An example of a non-brittle test

For the TDD course, I’ve been iterating through the course material; implementing it as a I go through each lesson.

In the most recent example, I wanted to show how a test could go from failing to passing, without changing any test code; and without changing the API.

Now, this is normal in TDD. The API is what the end consumer of your process will see (whether that’s another process or an external consumer).

For instance; here is the API for my budget right now:

Budget b = new Budget("name", startDate: new DateTime(2020,05,01));

the API for my budget takes in two things for its creation:

1. A name (how will you refer to this?)
2. A date the budget should start

The Budget exposes two operations:

b.Add(new BudgetItem(/*...*/));
b.CumulativeSpent(effectiveDate: new DateTime(2020,07,01).Date));

1. Adding a budgetItem to the budget with a .Add() method
2. Telling me how much as been spent as of a certain date (The “effectiveDate” in this example).


Now, here’s the test, and the test didn’t change from when it was failing (and it has been failing for a few days, I ignored it because I got ahead of myself in writing it) until when it was passing:

[Test]
public void BudgetShouldAccountForTotalsAcrossMonths()
{
  BudgetItem i = new BudgetItem("b1", 1.23M, new DateTime(2020, 05, 01).Date, new OncePerMonth(), new DateTime(2020, 05, 01).Date);
  Budget b = new Budget("Budget That Shows across Months", new DateTime(2020,1,1).Date);
  b.Add(i);
  var totalSpent = b.CumulativeSpent(new DateTime(2020, 07, 01).Date);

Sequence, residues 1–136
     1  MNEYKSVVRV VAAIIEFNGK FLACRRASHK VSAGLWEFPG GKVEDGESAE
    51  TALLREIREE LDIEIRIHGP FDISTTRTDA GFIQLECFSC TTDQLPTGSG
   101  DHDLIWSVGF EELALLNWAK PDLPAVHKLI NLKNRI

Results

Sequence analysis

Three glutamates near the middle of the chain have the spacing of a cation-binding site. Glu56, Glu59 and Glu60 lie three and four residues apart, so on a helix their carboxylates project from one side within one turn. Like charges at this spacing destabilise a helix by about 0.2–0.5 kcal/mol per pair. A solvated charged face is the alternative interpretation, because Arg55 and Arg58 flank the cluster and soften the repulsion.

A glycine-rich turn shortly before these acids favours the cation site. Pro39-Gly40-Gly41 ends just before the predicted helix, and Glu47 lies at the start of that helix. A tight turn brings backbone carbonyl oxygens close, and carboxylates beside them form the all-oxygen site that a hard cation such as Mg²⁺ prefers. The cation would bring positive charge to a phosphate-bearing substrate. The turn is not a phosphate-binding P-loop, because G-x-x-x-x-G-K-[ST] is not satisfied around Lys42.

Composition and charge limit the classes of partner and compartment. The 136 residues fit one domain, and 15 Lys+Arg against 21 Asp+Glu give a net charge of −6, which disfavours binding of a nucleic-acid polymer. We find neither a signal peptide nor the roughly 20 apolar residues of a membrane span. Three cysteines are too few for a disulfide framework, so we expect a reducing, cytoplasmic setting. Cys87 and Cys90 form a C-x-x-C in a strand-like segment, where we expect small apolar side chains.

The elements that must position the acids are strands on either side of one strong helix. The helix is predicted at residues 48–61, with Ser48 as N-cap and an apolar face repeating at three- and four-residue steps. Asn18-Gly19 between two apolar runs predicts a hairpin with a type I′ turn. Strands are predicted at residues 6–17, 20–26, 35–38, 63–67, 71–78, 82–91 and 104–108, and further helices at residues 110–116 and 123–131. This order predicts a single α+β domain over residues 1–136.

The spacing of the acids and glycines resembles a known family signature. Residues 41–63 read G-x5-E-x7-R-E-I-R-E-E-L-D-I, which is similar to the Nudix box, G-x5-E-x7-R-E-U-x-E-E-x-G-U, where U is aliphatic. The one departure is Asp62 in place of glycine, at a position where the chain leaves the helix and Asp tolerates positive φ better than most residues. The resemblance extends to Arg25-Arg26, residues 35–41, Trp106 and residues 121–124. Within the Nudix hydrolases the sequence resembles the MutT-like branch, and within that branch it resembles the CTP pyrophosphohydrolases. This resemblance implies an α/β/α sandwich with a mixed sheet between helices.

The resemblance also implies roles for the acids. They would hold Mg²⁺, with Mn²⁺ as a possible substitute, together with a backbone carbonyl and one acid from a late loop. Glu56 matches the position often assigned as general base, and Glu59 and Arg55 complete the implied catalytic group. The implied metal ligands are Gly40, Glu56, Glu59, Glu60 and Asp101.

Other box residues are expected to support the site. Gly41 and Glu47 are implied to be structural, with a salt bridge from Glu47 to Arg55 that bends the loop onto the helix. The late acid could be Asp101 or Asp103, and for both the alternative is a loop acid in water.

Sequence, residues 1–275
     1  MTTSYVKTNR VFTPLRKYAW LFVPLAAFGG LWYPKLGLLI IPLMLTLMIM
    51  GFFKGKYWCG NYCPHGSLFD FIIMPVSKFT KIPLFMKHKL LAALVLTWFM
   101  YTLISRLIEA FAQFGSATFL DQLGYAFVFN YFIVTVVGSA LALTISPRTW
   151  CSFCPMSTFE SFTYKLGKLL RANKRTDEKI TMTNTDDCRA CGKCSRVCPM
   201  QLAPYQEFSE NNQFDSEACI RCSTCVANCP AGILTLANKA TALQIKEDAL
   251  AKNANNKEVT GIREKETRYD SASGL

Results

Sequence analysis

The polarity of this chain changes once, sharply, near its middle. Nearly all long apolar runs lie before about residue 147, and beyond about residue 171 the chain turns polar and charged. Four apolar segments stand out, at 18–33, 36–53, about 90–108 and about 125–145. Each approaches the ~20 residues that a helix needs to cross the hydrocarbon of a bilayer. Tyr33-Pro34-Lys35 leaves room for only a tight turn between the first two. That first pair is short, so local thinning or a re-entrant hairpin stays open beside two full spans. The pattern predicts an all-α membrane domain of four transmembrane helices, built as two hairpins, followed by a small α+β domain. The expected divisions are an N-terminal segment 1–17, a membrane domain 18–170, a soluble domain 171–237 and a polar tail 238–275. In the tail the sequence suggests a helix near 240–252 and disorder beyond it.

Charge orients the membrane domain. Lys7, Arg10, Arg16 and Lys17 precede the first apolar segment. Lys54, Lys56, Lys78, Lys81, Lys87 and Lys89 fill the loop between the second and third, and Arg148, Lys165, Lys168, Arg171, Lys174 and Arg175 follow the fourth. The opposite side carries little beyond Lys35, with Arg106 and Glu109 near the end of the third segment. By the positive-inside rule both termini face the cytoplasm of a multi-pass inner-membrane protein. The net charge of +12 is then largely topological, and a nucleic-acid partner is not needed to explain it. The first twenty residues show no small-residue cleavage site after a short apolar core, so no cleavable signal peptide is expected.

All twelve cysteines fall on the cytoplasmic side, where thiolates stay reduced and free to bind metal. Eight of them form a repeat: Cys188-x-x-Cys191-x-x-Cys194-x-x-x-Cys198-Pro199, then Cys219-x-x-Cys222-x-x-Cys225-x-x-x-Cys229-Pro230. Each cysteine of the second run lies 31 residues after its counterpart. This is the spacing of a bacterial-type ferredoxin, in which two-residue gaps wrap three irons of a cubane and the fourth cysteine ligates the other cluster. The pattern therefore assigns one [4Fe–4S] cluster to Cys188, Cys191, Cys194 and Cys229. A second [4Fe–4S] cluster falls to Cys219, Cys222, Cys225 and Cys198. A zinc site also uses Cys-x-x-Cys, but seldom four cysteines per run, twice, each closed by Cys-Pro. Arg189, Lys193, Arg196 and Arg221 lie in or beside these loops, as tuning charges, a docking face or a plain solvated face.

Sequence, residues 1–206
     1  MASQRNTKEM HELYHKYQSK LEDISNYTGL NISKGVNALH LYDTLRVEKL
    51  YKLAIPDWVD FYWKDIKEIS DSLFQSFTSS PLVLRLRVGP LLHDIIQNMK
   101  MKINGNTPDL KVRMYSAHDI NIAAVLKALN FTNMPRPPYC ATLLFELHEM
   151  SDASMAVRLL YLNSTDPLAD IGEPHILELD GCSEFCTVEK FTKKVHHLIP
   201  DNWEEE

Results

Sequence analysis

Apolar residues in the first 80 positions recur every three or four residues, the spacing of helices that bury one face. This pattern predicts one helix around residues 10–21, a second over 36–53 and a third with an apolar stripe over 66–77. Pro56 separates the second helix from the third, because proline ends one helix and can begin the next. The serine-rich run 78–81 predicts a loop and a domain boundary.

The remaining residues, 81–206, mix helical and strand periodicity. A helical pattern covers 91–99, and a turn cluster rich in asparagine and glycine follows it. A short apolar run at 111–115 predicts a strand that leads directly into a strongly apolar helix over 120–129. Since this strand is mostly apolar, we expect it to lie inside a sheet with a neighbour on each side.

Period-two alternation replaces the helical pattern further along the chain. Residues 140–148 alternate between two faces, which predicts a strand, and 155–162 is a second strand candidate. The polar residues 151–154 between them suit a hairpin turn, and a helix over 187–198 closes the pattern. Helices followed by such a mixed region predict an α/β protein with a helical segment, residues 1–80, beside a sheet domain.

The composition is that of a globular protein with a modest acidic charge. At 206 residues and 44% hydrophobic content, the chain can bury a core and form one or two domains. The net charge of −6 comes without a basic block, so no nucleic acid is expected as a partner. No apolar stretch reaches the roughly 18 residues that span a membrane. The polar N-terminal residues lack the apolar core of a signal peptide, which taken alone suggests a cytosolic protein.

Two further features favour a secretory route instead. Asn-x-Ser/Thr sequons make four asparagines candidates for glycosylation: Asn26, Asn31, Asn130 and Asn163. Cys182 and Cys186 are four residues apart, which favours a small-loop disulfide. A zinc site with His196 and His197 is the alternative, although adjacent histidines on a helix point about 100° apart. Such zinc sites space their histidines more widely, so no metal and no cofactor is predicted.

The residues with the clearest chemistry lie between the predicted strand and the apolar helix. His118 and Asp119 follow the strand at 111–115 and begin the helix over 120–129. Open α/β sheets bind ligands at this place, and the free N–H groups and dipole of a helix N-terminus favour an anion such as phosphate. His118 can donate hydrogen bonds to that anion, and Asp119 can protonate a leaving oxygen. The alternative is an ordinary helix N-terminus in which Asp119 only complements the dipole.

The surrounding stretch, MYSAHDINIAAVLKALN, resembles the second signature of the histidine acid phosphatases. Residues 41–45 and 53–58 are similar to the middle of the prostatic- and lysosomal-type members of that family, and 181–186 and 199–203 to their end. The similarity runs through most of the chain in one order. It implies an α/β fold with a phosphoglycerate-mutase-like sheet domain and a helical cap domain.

Assert.That(totalSpent, Is.EqualTo(3.69M));
}

Ignore the BudgetItem’s API for now. It’s hideous and going to be refleshed out (that’s where the next LiveStream will focus on, using what I’ve learned about the domain and the APIs I’ve created to create better APIs)

So how did I make the test pass?

By making a one line change inside the .CumulativeSpent() call:

Importantly, and the takeaway from this email, this is how change happens. Not by affecting what the consumer of your code does to execute your code — we don’t want to change tests. If we have to change tests when we change code it’s a sign our tests are too coupled to how the code does its job. We don’t care if there’s a mechanical turk manually adding up each budgetItem, all we care is that it gives us the cumulative spent.

In short, this change had me like:

P.S. If you aren’t already a member of the course list, and watching the livestream (or getting more updates on the course, like this one) interests you, add your email to the list at https://course.doubleyourproductivity.io. I’ll send out an email to that list when I’m about to start the livestream (it’ll be either this weekend or early next week, since my wife is still working on finishing grad school in the evenings).

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